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Reuters/Desmond Boylan
Speaking to your children about drugs is emotional hard labor.
TAKE A BREATH

The best way to talk to teenagers about drugs

By Emma Maynard

The UK has seen a sharp increase in teenage drug use in the last few years: the NHS reports that 37% of 15-year-olds have used drugs, and that deaths resulting from drug use are at their highest since records began in 1993. Meanwhile, thousands of children are being drawn into drug dealing through “county lines”: gangs using them to transport drugs and cash from the capital to regional towns.

And so for parents, the stakes have perhaps never felt so high. Negotiating parenthood in such a context is tricky to say the least, and can leave parents unsure of what to do and feeling they have little control.

Experts in teenage drug use tell us it’s about informed choices. They advise us to accept that as parents we are unlikely to stop our teenage children doing what they choose, and so, our best approach is to ensure they have the right information, and that they can discuss issues with us openly. In this way, we can help to reduce harm by ensuring teenagers are aware of the risks, and what to do if they need help.

Though this is indeed excellent advice, it is difficult for many parents to follow. My ongoing research looks at the experiences of parents whose children are taking drugs. They value the way practitioners can talk to their teenagers, and understand the value of the advised harm reduction approach.

Despite this, most parents I’ve spoken to have said their gut reaction is to respond differently: more zero tolerance than harm reduction. They tend to ground their children and stop their pocket money. Stories are littered with accounts of rows and escalating sanctions in an endless cycle of panic and rebellion.

The actions of parents seemed to echo how things had been before the drugs, when children were younger. They talk about keeping them at home, safe, and without money to buy drugs. These parents speak of yearning for a simpler society; less materialistic, less risky. They feel left in the dark and unable to assess danger.

This is unsurprising. The idea that we can sit down calmly and rationally and explain to our children how they can take drugs safely overlooks a bundle of emotional issues. As parents, we are programmed to protect, avoiding danger where we can, and to actively encourage behavior which fits expectations of school and society. But your relationship with your child is what is most important here, so try to set all social expectations aside, and focus on what really matters.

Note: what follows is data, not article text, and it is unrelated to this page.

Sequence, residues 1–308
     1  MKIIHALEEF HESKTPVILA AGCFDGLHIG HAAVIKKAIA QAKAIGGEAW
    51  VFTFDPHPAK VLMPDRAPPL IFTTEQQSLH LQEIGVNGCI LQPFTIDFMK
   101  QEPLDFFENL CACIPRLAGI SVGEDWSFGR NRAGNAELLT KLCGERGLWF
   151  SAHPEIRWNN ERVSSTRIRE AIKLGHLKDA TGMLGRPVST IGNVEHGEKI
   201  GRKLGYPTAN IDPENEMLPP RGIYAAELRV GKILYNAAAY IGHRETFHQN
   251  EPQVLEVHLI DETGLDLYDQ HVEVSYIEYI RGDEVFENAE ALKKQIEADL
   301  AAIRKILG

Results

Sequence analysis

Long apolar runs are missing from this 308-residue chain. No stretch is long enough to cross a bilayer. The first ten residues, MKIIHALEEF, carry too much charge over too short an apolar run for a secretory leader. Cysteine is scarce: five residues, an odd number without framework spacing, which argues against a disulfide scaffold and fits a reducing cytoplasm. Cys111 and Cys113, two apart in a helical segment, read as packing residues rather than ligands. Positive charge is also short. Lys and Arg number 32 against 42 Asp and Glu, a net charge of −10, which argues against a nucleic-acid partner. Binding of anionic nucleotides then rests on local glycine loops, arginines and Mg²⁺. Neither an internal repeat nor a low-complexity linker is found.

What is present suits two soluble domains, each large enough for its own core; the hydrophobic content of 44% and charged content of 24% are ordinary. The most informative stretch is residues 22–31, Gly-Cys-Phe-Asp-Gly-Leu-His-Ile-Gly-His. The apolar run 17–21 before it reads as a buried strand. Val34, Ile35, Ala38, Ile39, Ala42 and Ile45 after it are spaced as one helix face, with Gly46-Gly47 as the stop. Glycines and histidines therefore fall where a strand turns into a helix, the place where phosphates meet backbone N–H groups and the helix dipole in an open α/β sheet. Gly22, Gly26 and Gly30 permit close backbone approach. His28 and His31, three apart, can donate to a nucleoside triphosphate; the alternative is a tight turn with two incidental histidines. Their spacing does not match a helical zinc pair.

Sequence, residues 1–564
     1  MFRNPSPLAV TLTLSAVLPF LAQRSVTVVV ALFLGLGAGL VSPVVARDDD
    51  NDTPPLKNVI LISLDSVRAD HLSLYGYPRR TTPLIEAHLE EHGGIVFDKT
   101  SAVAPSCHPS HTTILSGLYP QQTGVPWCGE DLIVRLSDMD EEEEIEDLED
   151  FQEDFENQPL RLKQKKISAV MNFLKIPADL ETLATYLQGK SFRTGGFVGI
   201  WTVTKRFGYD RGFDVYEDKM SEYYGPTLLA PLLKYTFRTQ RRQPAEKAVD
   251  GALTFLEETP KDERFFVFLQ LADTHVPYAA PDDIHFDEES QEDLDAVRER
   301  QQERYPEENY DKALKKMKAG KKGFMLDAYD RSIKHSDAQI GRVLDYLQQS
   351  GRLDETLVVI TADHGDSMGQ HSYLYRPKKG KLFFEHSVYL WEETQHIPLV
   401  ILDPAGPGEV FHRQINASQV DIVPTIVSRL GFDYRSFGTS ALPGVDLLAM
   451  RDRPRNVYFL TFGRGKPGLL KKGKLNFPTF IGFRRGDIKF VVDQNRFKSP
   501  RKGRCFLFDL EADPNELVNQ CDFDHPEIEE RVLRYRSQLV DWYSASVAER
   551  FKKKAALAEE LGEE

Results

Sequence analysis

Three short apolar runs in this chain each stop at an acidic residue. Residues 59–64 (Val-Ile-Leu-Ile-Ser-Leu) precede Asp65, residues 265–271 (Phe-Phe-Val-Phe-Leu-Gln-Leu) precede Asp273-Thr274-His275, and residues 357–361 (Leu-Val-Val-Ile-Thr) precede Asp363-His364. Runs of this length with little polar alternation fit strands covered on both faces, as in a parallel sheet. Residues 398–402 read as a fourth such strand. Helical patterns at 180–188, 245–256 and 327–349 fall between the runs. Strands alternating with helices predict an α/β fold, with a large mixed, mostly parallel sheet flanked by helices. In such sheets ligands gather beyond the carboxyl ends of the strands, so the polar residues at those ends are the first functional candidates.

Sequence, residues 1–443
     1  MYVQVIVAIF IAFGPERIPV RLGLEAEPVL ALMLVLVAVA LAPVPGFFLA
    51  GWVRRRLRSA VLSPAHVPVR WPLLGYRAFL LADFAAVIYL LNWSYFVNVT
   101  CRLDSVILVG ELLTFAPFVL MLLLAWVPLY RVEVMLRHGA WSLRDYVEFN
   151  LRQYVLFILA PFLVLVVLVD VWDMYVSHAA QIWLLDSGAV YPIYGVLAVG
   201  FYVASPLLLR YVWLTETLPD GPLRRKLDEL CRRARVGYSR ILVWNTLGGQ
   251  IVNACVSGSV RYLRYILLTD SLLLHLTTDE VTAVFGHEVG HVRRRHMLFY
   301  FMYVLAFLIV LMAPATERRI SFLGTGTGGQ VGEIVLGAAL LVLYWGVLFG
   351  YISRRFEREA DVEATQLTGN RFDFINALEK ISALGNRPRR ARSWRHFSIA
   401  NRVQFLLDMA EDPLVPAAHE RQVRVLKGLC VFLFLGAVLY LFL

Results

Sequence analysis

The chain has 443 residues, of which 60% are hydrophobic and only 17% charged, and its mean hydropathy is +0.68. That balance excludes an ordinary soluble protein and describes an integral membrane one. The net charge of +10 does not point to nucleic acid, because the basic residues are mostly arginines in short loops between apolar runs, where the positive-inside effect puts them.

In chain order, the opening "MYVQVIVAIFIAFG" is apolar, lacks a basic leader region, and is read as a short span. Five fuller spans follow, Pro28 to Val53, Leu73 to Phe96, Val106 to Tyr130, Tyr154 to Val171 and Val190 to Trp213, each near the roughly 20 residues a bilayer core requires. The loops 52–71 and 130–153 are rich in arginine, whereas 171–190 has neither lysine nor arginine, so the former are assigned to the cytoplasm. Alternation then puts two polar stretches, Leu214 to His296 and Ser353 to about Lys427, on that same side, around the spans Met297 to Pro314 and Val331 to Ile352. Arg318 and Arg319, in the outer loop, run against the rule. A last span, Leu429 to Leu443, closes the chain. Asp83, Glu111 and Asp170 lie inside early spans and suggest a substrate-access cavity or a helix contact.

Calm conversations

Speaking to your children about drugs is emotional hard labor. So here are some things to be aware of if you are a parent facing this conundrum. The key thing here is to try to stop focusing on problems by looking to solutions:

  1. Talk when you are calm. Knowing your child is taking drugs is a gruelling experience, and expecting to keep calm all the time is an additional pressure you don’t need. But choosing when to talk can help. The parents I spoke to all said the same thing: talk when you are calm, and they are calm. Then you can talk and listen well.

  2. Listen for the reason—this is not all about the drugs, it’s about the motivation for taking them. That motivation will be the biggest obstacle in changing the pattern, so listen closely to that part of the story.

  3. Notice the times when you are not both thinking about the drugs, and the strain it is causing you. Give a little more emphasis to those exceptions, so that positive moments gain at least as much recognition, if not more, than the drugs.

  4. Have fun. If this means avoiding the topic for a little while, do it. Do something different and light-hearted. Talk about something other than the drugs and any fall-out, such as poor behavior or school issues. Having fun together is one of the best things we can do to boost resilience, especially when relationships come under strain. It’s also one of the first things we neglect to prioritize.

  5. If you think of the last moment you had when things were more positive, when your child spoke to you in a less angry way, or you did the same, you may also be able to recognise the difference this made. Repeat, reflect, and shift the focus to dial down the temperature in those heated conversations. It takes huge effort—but in every strained situation there will be glimmers of hope.

  6. Let your child see how much you care, and that your worries and actions are evidence of this. Recognize drug taking is a far greater issue than informed choice and control. If you can stay in this space, you will be able to keep hold of your continually evolving attachment bonds, providing the protection your child still needs.

This article is republished from The Conversation under a Creative Commons license. Read the original article.